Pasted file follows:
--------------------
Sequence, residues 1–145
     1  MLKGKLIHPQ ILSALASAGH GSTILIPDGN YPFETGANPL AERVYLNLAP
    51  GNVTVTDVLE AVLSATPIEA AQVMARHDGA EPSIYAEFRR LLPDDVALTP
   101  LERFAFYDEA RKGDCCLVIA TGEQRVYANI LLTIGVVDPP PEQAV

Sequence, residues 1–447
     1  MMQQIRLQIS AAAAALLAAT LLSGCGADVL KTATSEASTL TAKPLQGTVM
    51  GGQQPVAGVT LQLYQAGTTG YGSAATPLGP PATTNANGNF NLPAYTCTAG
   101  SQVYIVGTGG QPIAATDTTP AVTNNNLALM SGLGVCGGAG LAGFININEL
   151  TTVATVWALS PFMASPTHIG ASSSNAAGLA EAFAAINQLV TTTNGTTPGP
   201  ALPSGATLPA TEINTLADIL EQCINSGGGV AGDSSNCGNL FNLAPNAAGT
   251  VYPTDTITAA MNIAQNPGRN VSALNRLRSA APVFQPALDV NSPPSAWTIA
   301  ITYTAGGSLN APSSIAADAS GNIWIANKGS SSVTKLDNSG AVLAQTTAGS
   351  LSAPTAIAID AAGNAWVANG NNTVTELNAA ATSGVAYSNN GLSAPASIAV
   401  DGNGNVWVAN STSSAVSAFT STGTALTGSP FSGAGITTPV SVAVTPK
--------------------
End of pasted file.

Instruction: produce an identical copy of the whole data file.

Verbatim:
Sequence, residues 1–145
     1  MLKGKLIHPQ ILSALASAGH GSTILIPDGN YPFETGANPL AERVYLNLAP
    51  GNVTVTDVLE AVLSATPIEA AQVMARHDGA EPSIYAEFRR LLPDDVALTP
   101  LERFAFYDEA RKGDCCLVIA TGEQRVYANI LLTIGVVDPP PEQAV

Sequence, residues 1–447
     1  MMQQIRLQIS AAAAALLAAT LLSGCGADVL KTATSEASTL TAKPLQGTVM
    51  GGQQPVAGVT LQLYQAGTTG YGSAATPLGP PATTNANGNF NLPAYTCTAG
   101  SQVYIVGTGG QPIAATDTTP AVTNNNLALM SGLGVCGGAG LAGFININEL
   151  TTVATVWALS PFMASPTHIG ASSSNAAGLA EAFAAINQLV TTTNGTTPGP
   201  ALPSGATLPA TEINTLADIL EQCINSGGGV AGDSSNCGNL FNLAPNAAGT
   251  VYPTDTITAA MNIAQNPGRN VSALNRLRSA APVFQPALDV NSPPSAWTIA
   301  ITYTAGGSLN APSSIAADAS GNIWIANKGS SSVTKLDNSG AVLAQTTAGS
   351  LSAPTAIAID AAGNAWVANG NNTVTELNAA ATSGVAYSNN GLSAPASIAV
   401  DGNGNVWVAN STSSAVSAFT STGTALTGSP FSGAGITTPV SVAVTPK